In a recent interview with Infoshop News, Alan Moore talked about the impact, or lack thereof, the film \'V for Vendetta\' had on the American public. The commentary is lead in by the int" />
In a recent interview with Infoshop News, Alan Moore talked about the impact, or lack thereof, the film 'V for Vendetta' had on the American public. The commentary is lead in by the interviewer telling Moore about an "A for Anarchy" group that used the film as a springboard for their own message:
Infoshop News: Some anarchist activist types started tabling outside of the movie showings with information about how Hollywood had taken the politics out of the movie.
Alan Moore: Ah, now that is fantastic, that is really good to hear, because that's one of the things that had distressed me. What had originally been a straightforward battle of ideas between anarchy and fascism had been turned into a kind of ham-fisted parable of 9-11 and the war against terror, in which the words anarchy and fascism appear nowhere. I mean, at the time I was thinking: look, if they wanted to protest about George Bush and the way that American society is going since 9-11which would completely understandablethen why don't they do what I did back in the 1980s when I didn't like the way that England was going under Margaret Thatcher, which is to do a story in my own country, that was clearly about events that were happening right then in my own country, and kind of make it obvious that that's what you're talking about. It struck me that for Hollywood to make V for Vendetta, it was a way for thwarted and impotent American liberals to feel that they were making some kind of statement about how pissed off they were with the current situation without really risking anything. It's all set in England, which I think that probably, in most American eyes, is kind of a fairytale kingdom where we still perhaps still have giants. It doesn't really exist; it might as well be in the Land of Oz for most Americans. So you can get set your political parable in this fantasy environment called England, and then you can vent your spleen against George Bush and the neo- conservatives. Those were my feelings, and I must admit those are completely based upon not having seen the film even once, but having read a certain amount of the screenplay. That was enough.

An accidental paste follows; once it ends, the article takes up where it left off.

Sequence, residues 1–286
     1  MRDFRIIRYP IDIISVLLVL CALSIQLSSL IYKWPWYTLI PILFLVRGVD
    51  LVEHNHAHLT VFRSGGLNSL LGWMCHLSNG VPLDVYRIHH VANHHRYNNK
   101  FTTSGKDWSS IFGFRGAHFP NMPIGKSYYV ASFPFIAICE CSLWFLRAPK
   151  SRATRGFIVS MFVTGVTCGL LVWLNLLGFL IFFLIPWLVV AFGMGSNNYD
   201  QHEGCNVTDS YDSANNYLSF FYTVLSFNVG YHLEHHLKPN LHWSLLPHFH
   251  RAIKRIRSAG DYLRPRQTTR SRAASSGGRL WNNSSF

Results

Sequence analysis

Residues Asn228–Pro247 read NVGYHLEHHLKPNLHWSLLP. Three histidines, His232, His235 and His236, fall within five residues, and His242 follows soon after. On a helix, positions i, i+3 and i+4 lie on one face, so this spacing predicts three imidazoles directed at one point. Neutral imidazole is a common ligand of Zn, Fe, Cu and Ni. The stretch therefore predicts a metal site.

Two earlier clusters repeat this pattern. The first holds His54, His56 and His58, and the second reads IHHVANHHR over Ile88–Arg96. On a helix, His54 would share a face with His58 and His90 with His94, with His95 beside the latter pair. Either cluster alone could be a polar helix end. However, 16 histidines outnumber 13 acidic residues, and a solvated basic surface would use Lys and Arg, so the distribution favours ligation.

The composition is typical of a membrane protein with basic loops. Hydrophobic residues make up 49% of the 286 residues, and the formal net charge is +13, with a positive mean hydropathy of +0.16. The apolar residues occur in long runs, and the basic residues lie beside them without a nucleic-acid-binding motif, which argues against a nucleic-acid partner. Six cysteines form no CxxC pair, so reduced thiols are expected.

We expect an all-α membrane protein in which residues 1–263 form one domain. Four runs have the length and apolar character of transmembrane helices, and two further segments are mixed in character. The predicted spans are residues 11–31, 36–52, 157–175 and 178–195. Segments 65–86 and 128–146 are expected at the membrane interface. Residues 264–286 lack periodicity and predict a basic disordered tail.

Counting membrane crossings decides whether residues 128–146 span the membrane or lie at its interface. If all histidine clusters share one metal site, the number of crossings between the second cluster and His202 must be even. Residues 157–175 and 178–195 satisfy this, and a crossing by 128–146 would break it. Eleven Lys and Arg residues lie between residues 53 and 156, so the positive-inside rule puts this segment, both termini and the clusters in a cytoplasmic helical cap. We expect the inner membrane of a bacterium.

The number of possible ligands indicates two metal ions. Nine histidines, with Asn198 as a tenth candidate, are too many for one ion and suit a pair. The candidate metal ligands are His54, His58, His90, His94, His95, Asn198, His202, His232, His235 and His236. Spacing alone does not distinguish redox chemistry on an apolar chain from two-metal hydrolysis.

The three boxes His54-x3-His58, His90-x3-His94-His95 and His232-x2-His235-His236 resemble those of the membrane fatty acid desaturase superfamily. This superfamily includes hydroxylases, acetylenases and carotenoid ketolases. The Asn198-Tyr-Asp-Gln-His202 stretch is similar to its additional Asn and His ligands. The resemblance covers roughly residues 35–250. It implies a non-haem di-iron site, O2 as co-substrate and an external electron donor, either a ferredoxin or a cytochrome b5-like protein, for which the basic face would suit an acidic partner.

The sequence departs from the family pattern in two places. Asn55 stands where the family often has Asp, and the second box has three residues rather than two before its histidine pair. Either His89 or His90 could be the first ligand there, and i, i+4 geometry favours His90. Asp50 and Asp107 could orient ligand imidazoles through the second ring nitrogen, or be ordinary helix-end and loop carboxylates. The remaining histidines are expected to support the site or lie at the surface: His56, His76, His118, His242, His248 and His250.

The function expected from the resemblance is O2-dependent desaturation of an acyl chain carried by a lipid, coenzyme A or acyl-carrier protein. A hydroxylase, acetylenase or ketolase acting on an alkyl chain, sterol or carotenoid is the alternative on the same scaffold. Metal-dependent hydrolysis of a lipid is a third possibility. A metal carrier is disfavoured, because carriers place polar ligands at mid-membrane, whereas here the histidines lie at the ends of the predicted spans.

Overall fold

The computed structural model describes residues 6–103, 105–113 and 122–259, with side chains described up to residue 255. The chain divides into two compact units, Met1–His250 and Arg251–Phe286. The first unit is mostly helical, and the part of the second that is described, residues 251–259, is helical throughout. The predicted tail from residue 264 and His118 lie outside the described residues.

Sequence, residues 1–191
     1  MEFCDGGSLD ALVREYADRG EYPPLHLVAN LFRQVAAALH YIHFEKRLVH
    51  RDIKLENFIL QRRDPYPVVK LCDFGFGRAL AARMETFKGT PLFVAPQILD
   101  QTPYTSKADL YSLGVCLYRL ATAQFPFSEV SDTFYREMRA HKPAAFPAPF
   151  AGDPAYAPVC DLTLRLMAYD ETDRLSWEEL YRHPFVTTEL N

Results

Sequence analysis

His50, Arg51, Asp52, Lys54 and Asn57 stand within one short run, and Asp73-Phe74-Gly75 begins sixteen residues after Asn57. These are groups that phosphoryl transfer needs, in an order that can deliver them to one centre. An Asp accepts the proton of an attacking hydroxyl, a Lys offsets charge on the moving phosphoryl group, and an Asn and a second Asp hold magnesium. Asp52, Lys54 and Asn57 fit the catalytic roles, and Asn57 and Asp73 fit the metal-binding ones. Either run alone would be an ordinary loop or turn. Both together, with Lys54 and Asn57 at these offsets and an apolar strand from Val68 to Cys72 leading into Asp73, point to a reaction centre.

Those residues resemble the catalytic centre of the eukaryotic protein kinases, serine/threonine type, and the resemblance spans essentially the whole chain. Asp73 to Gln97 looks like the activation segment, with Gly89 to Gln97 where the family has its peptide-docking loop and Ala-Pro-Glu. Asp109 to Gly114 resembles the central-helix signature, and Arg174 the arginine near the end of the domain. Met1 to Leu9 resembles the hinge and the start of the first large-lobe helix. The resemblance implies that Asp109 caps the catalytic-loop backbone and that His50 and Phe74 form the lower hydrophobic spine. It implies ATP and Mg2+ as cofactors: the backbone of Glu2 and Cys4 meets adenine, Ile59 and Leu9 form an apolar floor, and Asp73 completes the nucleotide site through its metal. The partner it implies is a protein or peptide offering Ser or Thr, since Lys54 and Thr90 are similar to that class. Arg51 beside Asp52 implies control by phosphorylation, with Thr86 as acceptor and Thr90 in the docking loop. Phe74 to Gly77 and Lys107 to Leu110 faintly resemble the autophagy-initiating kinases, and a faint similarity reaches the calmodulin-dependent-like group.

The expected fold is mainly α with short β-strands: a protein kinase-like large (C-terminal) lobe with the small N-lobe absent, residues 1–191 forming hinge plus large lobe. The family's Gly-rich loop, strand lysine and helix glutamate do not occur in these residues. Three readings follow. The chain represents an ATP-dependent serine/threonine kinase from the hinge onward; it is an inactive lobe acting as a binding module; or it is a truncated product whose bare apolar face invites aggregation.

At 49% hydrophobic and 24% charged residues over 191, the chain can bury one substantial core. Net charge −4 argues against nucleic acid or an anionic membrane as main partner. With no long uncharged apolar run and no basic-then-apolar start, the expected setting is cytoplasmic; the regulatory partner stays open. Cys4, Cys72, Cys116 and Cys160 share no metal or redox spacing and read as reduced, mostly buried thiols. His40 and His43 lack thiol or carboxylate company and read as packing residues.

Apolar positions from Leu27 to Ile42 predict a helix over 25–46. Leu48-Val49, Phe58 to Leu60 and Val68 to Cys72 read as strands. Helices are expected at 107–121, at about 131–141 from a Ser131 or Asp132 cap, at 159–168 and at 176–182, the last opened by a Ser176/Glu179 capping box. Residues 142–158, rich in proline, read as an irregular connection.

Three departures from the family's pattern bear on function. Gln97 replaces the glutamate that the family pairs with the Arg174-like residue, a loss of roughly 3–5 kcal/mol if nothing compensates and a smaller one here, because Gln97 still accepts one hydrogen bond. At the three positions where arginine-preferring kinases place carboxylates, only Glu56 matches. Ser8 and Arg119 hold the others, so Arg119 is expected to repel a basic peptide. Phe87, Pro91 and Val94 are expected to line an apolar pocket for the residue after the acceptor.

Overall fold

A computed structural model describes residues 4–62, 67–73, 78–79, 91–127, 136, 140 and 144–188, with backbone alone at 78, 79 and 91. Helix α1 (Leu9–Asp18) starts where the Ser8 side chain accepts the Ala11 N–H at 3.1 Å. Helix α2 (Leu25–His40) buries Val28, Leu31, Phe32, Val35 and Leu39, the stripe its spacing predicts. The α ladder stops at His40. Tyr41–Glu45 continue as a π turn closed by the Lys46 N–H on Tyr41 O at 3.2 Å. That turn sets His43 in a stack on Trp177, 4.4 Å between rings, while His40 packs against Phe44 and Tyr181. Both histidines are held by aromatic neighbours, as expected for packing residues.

But that's really interesting about the A for Anarchy demonstrations. That's fantastic.
There's much more from the author in this extensive interview and Moore's comments are, as always, fascinating.